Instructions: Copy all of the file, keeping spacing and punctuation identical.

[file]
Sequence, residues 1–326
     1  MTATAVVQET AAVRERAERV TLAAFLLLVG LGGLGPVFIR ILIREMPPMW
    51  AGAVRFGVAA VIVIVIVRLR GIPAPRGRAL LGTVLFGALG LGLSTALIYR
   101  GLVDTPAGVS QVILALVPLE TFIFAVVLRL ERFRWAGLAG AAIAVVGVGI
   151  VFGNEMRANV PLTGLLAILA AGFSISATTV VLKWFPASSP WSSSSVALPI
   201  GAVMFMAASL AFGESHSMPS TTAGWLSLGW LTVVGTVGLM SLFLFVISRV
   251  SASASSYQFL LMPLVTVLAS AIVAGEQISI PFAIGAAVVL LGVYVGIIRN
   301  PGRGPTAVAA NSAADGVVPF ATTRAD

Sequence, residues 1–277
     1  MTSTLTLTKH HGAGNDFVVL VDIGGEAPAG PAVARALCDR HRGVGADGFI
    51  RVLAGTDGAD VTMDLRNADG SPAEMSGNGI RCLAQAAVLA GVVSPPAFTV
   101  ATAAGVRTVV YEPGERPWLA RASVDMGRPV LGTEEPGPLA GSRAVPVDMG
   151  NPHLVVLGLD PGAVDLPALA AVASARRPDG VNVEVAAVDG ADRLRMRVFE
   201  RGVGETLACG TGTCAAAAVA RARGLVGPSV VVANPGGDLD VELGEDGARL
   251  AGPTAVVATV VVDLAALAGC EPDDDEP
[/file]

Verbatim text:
Sequence, residues 1–326
     1  MTATAVVQET AAVRERAERV TLAAFLLLVG LGGLGPVFIR ILIREMPPMW
    51  AGAVRFGVAA VIVIVIVRLR GIPAPRGRAL LGTVLFGALG LGLSTALIYR
   101  GLVDTPAGVS QVILALVPLE TFIFAVVLRL ERFRWAGLAG AAIAVVGVGI
   151  VFGNEMRANV PLTGLLAILA AGFSISATTV VLKWFPASSP WSSSSVALPI
   201  GAVMFMAASL AFGESHSMPS TTAGWLSLGW LTVVGTVGLM SLFLFVISRV
   251  SASASSYQFL LMPLVTVLAS AIVAGEQISI PFAIGAAVVL LGVYVGIIRN
   301  PGRGPTAVAA NSAADGVVPF ATTRAD

Sequence, residues 1–277
     1  MTSTLTLTKH HGAGNDFVVL VDIGGEAPAG PAVARALCDR HRGVGADGFI
    51  RVLAGTDGAD VTMDLRNADG SPAEMSGNGI RCLAQAAVLA GVVSPPAFTV
   101  ATAAGVRTVV YEPGERPWLA RASVDMGRPV LGTEEPGPLA GSRAVPVDMG
   151  NPHLVVLGLD PGAVDLPALA AVASARRPDG VNVEVAAVDG ADRLRMRVFE
   201  RGVGETLACG TGTCAAAAVA RARGLVGPSV VVANPGGDLD VELGEDGARL
   251  AGPTAVVATV VVDLAALAGC EPDDDEP